By: Stephanie Thomas
Persuasion is a tricky pursuit.
You’ve tried it, no doubt. Nudging a friend to join you in your new hobby, convincing your parents to offer you a little more independence or begging your toddler to put on his pants — for the love!
And, if you’re like most of us, your efforts go something like this: The harder you try, the harder your target resists. When things go off script and your powers of persuasion actually work, you’re satisfied, sure, but mostly surprised.
For the person hoping to see a loved one enter treatment, the stakes — and the stress — can be much, much higher.
Let’s take a look at why someone who’s addicted to drugs or alcohol might be opposed to treatment in the first place and what you can do to help them take that crucial first step. (Hint: Persuasion won’t play much of a role.)
Why Recovery Sometimes Frightens People Who Need It
Long are the lists of things we, as humans, know we should do but often don’t: eat better, exercise more, go to sleep sooner … we could go on. And while it may pain you greatly to hear that the person you care for doesn’t want to get help, keeping the perspectives of all mankind in mind may help.
Consider the healthy habit you should adopt. Why haven’t you? Ponder this question as you work to understand your loved one’s rehab resistance.
Sobriety coach Holly Glen Whitaker shares the logic behind the fear of treatment for people struggling with addiction. The reasons she gives can be divided into three distinct categories:
- What will people think, and how will they treat me?
- How will I fare during recovery and in sobriety?
- Who will I become without drugs or alcohol?1
As a reasonable person not facing rehab, you may experience a strong reaction to these fears:
- Who cares what anyone else thinks?
- How will you fare if you don’t enter treatment?
- Your life can only go up from here!
Return for a moment to your own struggles. Remember your reasons for doing what you shouldn’t do instead of what you should. Recognize that you’re not also dealing with the chemical changes that take place in the brain of a person addicted to drugs or alcohol — changes that make positive progress exceedingly difficult.
Let empathy lead the way as you imagine how recovery might threaten your loved one’s past, present and future identity. Michael got sober in 2010 and offers this encouragement:
“If someone in your family is affected by addiction, try to understand why they do what they do, but love them anyway. It’s the love that changes a person’s life. Speak the language of the heart.”
Listen to the Story of a Person Who’s Been There
Sometimes as we work to relate to the fears and pain of our loved one, it helps to detach for a moment and listen to the story of someone we don’t know. Stepping outside of your daily battle can bring perspective, understanding and — best of all — ideas!
Jennifer Angier, veteran addictions counselor and CEO of Talbott Recovery, shares her own story of resisting treatment with these same goals in mind.
“Sober for me was always the issue. It didn’t matter what the consequences were of drinking and using — they weren’t as bad as not drinking and using,” she says. “Getting sober was extremely challenging not just because of the physical dependence on the drugs, but because I didn’t know how to live in my own skin.”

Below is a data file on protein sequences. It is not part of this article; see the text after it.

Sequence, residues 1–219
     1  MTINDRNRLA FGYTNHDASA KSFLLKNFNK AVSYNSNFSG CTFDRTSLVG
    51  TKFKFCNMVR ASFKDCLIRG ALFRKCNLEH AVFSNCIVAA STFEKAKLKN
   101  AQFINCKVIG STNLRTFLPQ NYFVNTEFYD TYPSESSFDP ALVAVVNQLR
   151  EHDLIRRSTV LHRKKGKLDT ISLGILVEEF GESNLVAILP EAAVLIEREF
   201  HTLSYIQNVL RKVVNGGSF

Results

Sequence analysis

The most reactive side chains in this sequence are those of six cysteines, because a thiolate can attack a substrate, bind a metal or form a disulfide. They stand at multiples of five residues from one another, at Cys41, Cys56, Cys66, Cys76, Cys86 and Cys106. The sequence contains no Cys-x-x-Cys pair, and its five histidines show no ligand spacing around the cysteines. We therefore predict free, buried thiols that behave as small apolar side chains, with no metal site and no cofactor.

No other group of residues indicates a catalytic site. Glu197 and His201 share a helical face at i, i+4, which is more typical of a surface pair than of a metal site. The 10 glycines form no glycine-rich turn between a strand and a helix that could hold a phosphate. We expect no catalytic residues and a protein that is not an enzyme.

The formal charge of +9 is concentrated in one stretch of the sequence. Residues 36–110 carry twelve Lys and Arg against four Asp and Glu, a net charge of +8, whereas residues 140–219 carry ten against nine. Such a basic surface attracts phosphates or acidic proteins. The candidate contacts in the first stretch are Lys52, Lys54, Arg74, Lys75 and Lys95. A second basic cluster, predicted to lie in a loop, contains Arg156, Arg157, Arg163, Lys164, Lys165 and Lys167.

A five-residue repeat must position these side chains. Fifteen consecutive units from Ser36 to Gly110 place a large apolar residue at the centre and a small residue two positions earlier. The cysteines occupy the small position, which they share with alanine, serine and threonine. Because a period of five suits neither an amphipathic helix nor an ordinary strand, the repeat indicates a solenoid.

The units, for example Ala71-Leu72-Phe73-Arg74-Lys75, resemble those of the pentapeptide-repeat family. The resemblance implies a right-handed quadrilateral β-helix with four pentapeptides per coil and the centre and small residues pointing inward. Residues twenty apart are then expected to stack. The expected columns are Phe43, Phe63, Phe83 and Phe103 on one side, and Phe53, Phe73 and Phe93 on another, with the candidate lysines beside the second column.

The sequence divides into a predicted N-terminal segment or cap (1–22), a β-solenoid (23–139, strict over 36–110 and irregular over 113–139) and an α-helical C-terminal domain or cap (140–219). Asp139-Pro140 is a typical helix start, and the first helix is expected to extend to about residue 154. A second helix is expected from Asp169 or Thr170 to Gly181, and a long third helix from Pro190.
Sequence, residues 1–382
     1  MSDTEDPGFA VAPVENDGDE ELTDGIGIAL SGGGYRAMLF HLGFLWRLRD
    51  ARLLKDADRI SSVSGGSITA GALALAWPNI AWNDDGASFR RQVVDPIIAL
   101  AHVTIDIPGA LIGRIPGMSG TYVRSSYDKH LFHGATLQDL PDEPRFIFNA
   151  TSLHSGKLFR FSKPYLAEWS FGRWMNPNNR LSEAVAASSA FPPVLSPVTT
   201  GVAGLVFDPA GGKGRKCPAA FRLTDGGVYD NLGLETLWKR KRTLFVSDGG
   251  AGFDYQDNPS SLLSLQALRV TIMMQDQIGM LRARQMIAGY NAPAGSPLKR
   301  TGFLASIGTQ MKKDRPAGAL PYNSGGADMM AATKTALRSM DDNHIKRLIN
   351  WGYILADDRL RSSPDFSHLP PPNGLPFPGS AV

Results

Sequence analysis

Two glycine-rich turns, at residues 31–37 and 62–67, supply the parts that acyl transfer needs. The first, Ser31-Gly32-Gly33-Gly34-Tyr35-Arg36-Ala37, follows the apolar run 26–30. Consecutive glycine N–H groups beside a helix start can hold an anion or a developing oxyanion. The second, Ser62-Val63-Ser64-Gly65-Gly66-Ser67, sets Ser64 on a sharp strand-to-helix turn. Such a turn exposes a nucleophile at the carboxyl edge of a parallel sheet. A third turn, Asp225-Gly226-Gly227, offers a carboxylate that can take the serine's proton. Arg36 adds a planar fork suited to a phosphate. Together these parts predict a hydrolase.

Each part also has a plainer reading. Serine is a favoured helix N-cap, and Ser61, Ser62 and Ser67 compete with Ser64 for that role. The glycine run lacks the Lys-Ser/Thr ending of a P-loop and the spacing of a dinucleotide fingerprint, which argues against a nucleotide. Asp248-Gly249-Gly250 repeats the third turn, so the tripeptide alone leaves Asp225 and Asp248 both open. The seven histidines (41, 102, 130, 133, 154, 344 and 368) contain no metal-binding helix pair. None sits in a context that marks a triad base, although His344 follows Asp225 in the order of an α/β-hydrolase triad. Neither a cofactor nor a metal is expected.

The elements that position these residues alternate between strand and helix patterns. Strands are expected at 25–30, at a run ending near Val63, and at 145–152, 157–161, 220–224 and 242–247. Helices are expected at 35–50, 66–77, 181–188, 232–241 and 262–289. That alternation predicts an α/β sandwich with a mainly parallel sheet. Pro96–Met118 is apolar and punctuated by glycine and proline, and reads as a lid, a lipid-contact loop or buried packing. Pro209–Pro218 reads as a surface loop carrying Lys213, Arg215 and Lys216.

That’s a tough thing for you and I to understand — that a person could fear sobriety more than they fear addiction. But it’s with this understanding that we can begin to help our loved ones bridge the gap from fear to faith.
And faith — in oneself and in recovery — takes time: “It was more terrifying to me that it wouldn’t work to be sober,” Angier explains. “For my first couple of years sober, I was so afraid. I was so afraid all of the time that I was going to mess it up, that I wasn’t going to be able to stay sober.”
Angier credits the men and women who encouraged her during the tough moments as the reason she finally began to desire sobriety and see it as a viable, long-term option for her life.
The Antidote to Fear Starts With an Open Ear
When you take in Angier’s advice on Recovery Unscripted, you’ll hear a call toward understanding. An encouragement to ask questions and listen with the goal of learning.
As she explains, “There’s this feeling that so many patients have of not being listened to … of you don’t even know who I am. All along, they’re just asking for somebody to listen to what they’re struggling with. And also, it lights them up. For so many of our patients, they’ve lost a connection to what fuels them.”
Your task in such a challenging situation is to listen with compassion.
Buddhist monk Thich Nhat Hanh helps us grasp the value of this practice. Fear, he says, comes from holding incorrect perceptions. Chances are your loved one views himself, recovery or the world around him through the wrong lens.
But before you can begin to address his perceptions, you must first listen — and deeply. Here’s how Thich Nhat Hanh describes the goal: “You listen with only one purpose: help him or her to empty his heart.”
This approach allows you to disagree and say nothing, to be confused and say nothing, to hope and long and pray and still say nothing. Later, when the time feels right, express your concerns.2If you or a loved one is struggling with addiction but fear is getting in the way of sobriety, call our toll-free helpline to learn more about your treatment options. At Talbott, we work to address both addiction and any underlying mental health issues to bring healing and wholeness to all our patients.
1 Whitaker, Holly Glen. “11 Fears You Have About Sobriety, Dispelled.” Hip Sobriety, September 7, 2014.
2 Super Soul Sunday. “Thich Nhat Hanh on Compassionate Listening.” OWN, May 6, 2012.